“Look at that fucker’s eyes; they’re coming out.” Four men at the table laughed at Jimmy.

The anger in Jimmy exploded like a volcano.

“What the fuck did you say? Huh? Who said that? I’ll kill him!”

Jimmy grasped the bottle and smashed it to the table. He didn’t stop. He threw the table and went completely insane.

“I’ll kill those fuckers.”

Jimmy threw empty bottles and dishes in the air. The men at the next table seemed scared of Jimmy. The lady owner snatched the phone and called 911.  

“Cop, cop. Come here fast, fast. Crazy man. Korea crazy man, killing. Here wait for me. Korean. Now come on! Now.” Her broken English stunned even Chilyong who was the king of broken English.

“You called the police? I’ll burn this shitty pig foot store!” Jimmy threatened.

Chilyong held Jimmy’s arm tightly as he led Jimmy out of the restaurant. Chris drove the car and got out of the parking lot in a hurry.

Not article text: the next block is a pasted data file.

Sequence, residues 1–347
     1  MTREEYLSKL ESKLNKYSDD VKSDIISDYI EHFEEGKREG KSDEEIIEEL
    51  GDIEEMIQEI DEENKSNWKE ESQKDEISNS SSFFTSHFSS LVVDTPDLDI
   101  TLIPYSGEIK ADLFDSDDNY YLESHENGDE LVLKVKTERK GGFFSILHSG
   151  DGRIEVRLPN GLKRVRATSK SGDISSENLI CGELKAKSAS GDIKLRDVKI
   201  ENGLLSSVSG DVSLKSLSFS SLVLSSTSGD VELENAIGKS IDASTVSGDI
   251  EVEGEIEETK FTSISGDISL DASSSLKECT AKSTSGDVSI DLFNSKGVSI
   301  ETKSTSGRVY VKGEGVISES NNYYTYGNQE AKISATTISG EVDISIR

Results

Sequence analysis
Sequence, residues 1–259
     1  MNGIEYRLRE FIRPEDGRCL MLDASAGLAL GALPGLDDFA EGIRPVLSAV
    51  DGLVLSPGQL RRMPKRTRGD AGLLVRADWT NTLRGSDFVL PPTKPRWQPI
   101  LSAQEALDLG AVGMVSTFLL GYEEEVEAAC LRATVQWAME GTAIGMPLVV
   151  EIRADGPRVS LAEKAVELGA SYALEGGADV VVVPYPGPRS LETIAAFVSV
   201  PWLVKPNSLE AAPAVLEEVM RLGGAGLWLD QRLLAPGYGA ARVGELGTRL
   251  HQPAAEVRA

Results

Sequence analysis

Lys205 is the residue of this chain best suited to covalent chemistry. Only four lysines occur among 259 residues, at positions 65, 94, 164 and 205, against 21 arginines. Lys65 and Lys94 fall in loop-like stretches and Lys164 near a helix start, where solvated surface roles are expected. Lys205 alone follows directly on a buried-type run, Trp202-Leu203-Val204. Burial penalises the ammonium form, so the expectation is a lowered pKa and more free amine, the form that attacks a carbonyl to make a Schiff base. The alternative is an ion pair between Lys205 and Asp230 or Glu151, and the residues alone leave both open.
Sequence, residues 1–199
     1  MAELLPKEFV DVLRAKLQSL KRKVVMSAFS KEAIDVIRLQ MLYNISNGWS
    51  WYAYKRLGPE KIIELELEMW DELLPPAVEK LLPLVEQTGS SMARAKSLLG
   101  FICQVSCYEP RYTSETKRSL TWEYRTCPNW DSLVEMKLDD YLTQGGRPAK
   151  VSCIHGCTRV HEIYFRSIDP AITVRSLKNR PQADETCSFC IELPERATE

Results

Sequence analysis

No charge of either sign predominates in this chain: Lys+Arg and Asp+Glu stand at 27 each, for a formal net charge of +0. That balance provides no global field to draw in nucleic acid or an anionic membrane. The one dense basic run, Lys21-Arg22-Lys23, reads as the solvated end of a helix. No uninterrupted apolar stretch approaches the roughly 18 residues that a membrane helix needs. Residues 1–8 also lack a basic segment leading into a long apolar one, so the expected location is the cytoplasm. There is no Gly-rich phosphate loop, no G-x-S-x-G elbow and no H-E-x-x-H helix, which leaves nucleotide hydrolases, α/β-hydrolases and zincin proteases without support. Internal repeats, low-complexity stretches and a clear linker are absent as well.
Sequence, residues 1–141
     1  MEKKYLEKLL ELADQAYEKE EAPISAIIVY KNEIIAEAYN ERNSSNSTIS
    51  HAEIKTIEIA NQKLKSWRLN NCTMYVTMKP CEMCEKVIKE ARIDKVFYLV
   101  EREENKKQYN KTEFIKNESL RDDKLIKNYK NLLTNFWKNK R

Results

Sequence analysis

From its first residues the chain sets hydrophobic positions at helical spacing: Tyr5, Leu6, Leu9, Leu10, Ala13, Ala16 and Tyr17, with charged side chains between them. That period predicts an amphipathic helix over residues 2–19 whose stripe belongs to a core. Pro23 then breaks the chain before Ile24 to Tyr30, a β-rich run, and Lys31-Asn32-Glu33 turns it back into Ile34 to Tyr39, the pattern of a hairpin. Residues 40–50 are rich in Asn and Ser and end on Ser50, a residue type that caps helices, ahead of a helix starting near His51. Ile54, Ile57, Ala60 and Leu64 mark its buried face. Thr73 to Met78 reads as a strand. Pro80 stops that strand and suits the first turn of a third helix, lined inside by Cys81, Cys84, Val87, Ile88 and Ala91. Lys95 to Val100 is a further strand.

“Man, are you crazy? What the heck was that?” Chilyong lit a cigarette and handed it to Jimmy.

“I don’t know. I just… I don’t know.”

Jimmy took a deep drag.

“Wait a minute. We didn’t pay.” Chilyong threw his cigarette out the window.

Jimmy worried that the owner would describe him as a robber. Chris said if he went back and paid the bill everything would be all right.

.  .  .

“I display incredible tolerance because I know you’re a good person.” The owner of the restaurant counted the money Chris gave her for a second time.

Chris bowed twice saying how sorry he was.